Okay, so your children are tech-savvy. Highly tech-savvy in fact. Maybe they can swipe screens quicker than you can, and navigate their way around the internet with their eyes closed. There’s a good chance they can figure out how to use new apps well before you’ve even heard of those apps! Welcome to the digital world.
It can be a little bit scary to attempt the somewhat daunting task of teaching our children how to be safe online when they already seem to be a step ahead of us. Changes online happen so quickly, with new apps and sites popping up all the time. And in the site our children use most of all, YouTube, there are more than 300 hours of video content being uploaded every single minute of every day! No wonder we’re overwhelmed by it all.
A Common Misconception
A common misconception we often have as parents is that because our children are so tech savvy from such a young age, they know how to keep themselves out of trouble online. If they’re smart enough to find out whatever they want to know online almost instantly, they must be smart enough to know that they should use the highest possible privacy settings, and how to set that up, right?
Similarly, they must know by now not to share personal information about themselves online, and not to talk to strangers online, mustn’t they? What about creating safe user names and passwords, and not sharing these with their friends?
Here is some evidence that perhaps being tech savvy online is not quite the same thing as being safe there:
- 55% of teens have given out personal information to someone they don’t know, including photos and physical descriptions
- 58% of teens don’t think posting photos or other personal information on social networking sites is unsafe
- 58% of teens post information about where they live
- 8% of teens have posted their phone number online
- 47% of teens are not worried about others using their personal information in ways they do not want or intend it to be used
- 92% of teens post their real name on their social media profiles
- 16% of teens say they’ve considered meeting face-to-face with someone they’ve met online, and 8% have done so
- 31% of teens say they usually reply and chat online with people they don’t know
And if teens are not savvy enough to protect themselves online, how do you think your younger children will handle it?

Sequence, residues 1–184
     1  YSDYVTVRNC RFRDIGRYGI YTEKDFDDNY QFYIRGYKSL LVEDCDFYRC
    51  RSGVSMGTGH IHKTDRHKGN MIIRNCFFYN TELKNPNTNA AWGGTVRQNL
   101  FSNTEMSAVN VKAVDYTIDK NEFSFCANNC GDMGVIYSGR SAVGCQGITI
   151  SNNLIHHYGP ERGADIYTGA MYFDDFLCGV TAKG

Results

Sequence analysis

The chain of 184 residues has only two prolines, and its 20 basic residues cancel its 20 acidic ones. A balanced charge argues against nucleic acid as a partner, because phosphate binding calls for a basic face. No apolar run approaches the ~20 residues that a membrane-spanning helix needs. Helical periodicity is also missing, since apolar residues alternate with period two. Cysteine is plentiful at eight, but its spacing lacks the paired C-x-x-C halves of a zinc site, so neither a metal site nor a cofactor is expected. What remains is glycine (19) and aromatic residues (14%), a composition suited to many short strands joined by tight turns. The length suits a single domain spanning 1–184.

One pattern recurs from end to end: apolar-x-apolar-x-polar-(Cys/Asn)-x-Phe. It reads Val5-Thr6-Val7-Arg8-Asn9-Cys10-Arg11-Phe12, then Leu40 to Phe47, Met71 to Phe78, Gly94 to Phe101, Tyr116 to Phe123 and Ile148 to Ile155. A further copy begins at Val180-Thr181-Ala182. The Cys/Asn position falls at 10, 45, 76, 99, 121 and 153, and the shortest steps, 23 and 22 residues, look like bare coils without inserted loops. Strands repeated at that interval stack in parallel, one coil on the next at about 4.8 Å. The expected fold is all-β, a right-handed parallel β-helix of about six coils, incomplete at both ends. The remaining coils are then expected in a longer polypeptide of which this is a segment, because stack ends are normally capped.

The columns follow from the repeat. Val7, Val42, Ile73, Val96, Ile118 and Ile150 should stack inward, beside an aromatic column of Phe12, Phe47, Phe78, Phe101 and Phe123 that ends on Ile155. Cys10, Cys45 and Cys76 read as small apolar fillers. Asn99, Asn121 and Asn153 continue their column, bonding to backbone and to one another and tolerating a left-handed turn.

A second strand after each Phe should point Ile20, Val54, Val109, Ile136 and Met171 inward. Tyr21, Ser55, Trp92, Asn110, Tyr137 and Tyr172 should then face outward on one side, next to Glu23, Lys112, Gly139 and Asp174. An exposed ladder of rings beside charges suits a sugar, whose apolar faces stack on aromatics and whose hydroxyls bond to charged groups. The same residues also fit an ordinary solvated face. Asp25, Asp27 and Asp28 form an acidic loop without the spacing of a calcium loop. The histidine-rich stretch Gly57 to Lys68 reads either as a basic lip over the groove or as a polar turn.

What You Have That Your Children Need
Now that you know your children may be more tech-savvy than safety-savvy online, it’s time for you to use what you have that they don’t have (and desperately need!) to help them. Rather than trying to compete with your child and keep up with them in a tech-savvy way, recognise that you have age and experience on your side. As someone who has been on this planet a lot longer than your children have, you can share your wisdom and life skills in practical ways that can prevent a world of pain.
The fact is that it isn’t easy to keep your children safe online. They are almost constantly surrounded with the internet and their mobile devices. And while there are undoubtedly some benefits in being connected online, there are undeniable risks that come with that combination of tools. Given that they don’t have enough emotional intelligence yet to be responsible digital citizens on their own (their brains are still developing after all), your children badly need your parental guidance when they’re online, whether they realise it or not.
Rather than just crossing your fingers and hoping for the best, this should help you feel empowered to play a vital role in your children’s well-being online. Don’t let their tech-savviness overwhelm you. The social interactions you’ve had in your lifetime can prove invaluable if communicated effectively with your children.
How You Can Keep Your Tech-Savvy Children Safe Online
The key to keeping your children safe online is in the way you communicate with them and educate them. If the lines of communication between you and your child are solid, and this has to start as early as possible, then as your child prepares for their teens and beyond they’ll be less likely to engage in dangerous or inappropriate behaviours online. Sure, you can’t always prevent anything bad from happening at all, but you can minimise the likelihood of something going very wrong, and you can also help to minimise the impact if something does happen.
Opening up those lines of communication is a challenge in itself. Most parents think their children are being open with them, yet 70% of teens hide their online behaviour from their parents! This means that if you don’t do something about it, there’s less than a 1 in 3 chance that your child won’t hide what they’re doing from you – these are not good odds!
The good news is that there’s an easier way to get on top of all this, and to encourage your child to be one of the 30% who does tell you what’s going on more often than not. For more practical help to keep your tech-savvy children safe online click here.